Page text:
The Value of Retreat
I have been retreating since, well, forever. Or at least as long as I can remember.
When I was a boy living in Florida, it was mostly in my imagination. And then it was on the church property; stealing away into the tall grass looking for beer bottles to break.
Then it was the sink hole across from the church property.
In high school and college it was always in the woods. Or by a river or stream or waterfall. And always by the simple beauty of a fire.
I remember meeting my friends at Deb's house.
Deb and her family lived in a huge old farm house on the outskirts of Lititz, Pennsylvania. A creek ran behind it. And by the creek stood an old shed. Deb's brother lived in it when he ventured back in town. He was always off traveling, living the vagabond life.
An old wood stove, a bed, a bunch of books and candles. That shed was my heaven. My ideal living space.
Though I never lived in it, I wanted to. We'd sit by the creek and the fire for hours at Deb's house, into the way early morning. We'd play Pink Floyd and Peter Gabriel. And we'd mess around on the guitar in the shed.
Those elements never left me.
I will make a fire outside in the early mornings of winter and sit by it, writing and reading, until my fingers fall off. Inevitably my daughters will join me. They'll feed the fire, and sit under blankets and chit-chat.
Needless to say, the writing usually ends when they come out. But the imagination fires up.
One day I'll have a shed on my property. Or I'll build a barn or yurt somewhere remote. Or I'll convince my friend Chelsea and her husband to sell me a couple acres on Lake Superior. I'll erect a yurt and write novels no one will ever read. Maybe.
Until then, I'm happy to use the cabins of friends, VRBO, or a remote camp site.
But why? Why retreat?
What's the point of finding quiet? Abiding in solitude? Sitting with a few friends around a fire? Retreating to a remote place for some writing and thinking?
Because we need to feed our souls. We need to chuck our phones, tablets, computers and televisions and visit with things we can touch, smell, hear, taste.
We need to sit on a boulder, by a fire, under a tree.
We need to be reminded that we were created to be in this world of ours, not just to passively watch it hum along as we plug into the next season of bingeing silliness.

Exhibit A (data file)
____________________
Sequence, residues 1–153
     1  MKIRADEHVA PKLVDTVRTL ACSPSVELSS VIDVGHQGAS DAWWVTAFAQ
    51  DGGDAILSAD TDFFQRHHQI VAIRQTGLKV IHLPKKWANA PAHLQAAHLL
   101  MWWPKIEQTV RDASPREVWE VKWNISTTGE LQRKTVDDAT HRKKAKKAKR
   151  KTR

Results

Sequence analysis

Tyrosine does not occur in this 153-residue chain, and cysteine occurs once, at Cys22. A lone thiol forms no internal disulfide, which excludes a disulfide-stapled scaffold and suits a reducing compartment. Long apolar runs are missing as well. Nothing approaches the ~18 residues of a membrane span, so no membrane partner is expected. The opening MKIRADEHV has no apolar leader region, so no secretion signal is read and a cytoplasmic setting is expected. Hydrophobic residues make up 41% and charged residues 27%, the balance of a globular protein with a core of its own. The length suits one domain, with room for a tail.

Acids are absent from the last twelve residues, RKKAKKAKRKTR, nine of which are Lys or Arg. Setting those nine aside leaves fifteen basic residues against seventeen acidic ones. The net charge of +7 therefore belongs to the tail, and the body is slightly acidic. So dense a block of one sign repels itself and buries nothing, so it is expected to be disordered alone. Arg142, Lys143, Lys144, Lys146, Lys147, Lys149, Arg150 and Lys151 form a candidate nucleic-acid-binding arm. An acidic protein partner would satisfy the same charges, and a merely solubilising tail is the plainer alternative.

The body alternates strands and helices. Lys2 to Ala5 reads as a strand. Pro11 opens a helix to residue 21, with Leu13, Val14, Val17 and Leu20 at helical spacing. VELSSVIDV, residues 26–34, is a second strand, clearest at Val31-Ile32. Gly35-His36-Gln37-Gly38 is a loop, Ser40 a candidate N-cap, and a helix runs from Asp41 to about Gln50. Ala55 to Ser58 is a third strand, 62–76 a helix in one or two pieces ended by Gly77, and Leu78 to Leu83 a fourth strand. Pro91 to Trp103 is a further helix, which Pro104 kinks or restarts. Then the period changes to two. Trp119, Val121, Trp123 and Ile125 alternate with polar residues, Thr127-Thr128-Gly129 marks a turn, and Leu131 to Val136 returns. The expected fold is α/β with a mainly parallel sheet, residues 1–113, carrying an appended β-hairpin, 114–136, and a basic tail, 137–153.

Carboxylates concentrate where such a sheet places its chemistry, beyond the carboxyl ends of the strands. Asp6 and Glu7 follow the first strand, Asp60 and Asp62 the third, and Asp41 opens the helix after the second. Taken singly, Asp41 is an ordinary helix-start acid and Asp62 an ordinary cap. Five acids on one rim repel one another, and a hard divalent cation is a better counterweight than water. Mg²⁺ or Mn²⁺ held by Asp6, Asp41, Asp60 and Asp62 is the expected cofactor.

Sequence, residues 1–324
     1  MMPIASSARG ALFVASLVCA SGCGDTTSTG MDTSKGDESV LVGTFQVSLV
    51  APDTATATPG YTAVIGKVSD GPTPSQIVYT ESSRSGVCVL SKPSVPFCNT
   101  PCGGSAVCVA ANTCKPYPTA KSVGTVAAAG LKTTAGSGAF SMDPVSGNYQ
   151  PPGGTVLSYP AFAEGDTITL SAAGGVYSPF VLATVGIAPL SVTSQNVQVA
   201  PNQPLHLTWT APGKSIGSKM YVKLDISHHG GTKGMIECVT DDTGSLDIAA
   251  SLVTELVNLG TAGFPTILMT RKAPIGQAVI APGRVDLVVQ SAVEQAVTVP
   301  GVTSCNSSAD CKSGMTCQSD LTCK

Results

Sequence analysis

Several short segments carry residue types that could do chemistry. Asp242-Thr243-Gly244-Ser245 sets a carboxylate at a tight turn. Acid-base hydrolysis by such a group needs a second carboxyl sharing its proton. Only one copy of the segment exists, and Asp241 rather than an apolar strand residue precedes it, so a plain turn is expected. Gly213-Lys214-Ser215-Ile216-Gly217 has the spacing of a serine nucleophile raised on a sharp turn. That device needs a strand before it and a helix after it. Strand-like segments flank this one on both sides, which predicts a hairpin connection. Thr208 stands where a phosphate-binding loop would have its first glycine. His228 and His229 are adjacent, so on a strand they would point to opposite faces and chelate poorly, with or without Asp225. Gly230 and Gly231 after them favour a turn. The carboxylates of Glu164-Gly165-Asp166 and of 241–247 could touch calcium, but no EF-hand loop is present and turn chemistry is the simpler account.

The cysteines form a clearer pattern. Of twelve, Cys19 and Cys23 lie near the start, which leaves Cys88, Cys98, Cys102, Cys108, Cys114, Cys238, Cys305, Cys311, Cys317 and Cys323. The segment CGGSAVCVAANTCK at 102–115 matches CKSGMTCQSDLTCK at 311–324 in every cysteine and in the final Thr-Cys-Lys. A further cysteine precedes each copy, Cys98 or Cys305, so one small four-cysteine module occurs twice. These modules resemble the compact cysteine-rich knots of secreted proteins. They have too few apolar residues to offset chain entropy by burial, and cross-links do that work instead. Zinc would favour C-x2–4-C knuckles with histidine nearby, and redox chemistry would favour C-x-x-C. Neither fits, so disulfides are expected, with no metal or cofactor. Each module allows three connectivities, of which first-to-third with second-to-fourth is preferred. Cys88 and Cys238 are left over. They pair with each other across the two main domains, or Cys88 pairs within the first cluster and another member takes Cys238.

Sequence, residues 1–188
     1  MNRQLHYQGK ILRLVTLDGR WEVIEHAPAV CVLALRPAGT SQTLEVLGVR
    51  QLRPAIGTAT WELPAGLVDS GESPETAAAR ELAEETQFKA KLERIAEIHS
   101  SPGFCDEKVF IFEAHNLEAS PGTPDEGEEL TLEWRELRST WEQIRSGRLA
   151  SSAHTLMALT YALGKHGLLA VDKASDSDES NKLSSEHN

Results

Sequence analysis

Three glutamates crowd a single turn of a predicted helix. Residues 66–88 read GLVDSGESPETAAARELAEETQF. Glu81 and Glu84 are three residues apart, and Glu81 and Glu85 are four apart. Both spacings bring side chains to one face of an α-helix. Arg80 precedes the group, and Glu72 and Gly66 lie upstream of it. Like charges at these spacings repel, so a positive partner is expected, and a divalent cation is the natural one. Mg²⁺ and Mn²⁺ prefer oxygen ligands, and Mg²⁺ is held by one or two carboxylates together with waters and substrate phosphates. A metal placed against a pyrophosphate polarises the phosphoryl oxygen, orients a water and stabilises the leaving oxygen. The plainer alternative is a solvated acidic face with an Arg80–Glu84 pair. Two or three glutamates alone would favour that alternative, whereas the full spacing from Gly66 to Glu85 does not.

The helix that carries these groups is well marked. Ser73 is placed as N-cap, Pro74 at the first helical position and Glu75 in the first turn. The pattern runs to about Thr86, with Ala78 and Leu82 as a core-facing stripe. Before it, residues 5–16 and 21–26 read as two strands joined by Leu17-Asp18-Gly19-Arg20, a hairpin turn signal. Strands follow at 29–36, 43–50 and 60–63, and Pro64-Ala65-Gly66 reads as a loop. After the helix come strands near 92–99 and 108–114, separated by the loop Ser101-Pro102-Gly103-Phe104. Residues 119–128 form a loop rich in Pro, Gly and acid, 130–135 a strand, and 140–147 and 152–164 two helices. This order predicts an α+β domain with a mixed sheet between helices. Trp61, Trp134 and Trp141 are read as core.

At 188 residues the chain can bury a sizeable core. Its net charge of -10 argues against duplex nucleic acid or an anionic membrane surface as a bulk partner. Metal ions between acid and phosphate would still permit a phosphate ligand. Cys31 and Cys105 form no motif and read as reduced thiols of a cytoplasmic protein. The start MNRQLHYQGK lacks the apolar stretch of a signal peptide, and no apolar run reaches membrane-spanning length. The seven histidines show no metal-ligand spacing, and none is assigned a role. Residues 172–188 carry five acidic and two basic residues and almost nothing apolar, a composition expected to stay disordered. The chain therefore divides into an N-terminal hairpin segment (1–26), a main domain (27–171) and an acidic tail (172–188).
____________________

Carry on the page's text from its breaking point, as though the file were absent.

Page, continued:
Instead of annihilating time and space, we need to partake of it. We need a good ramble on the mountainside, down by the creek, to feed our imaginations with the sounds we're often too busy to hear.
We need to interrupt the routine of fast-paced-ness with the routine of stillness.
We need time with our Creator. To hear him. To love him. To become more like him.
And we don't always need some hyper-planned getaway either.
Last week I volunteered at Nest Fest, a brilliant little festival my friends host on their wonderful 12-acre farm outside of Charlotte. I arrived the night before for some fellowship.
After a bunch of us laughed around the fire, the crowd thinned, couples left for home. I stayed, unpacked my sleeping bag, and laid it on the outdoor couch in front of the fire.
I slept under the stars.
I woke at 4 a.m. to rebuild the fire. It roared.
The air, cold. The autumn stars watched over me.
I watched them for hours. Just staring at the heavens, watching them move ever so slightly across the sky.
Gemini, Orion, Taurus, Aries and the Pleiades. I traced them with my fingers. I named them. I studied their place in the sky. And then, two massive falling stars dripped into the horizon.
I laughed. Each falling speck of brilliance an epiphany. I'd forgotten about the Orionid Meteor Shower.
I spent a short time praying out loud; for friends, family, and praise to the Creator of all this grandeur splashed in abundance right over our heads.
I didn't sleep much that night. And I was groggy the next morning helping folks park. But I didn't care. My soul felt nourished. I was joy-filled.
It was spontaneous retreat. It was not planned. Just a simple opportunity that yielded deep blessing.
You don't have to be a writer or painter or musician or whatever to benefit from retreat. After all, Jesus was a carpenter, he stole away all the time to the mountainside to pray.
You just need to take advantage of the moments set before you. Once you taste retreat, you'll schedule it. And then you'll invite a close friend or two. And once it becomes your routine you'll find the art of life take on new meaning.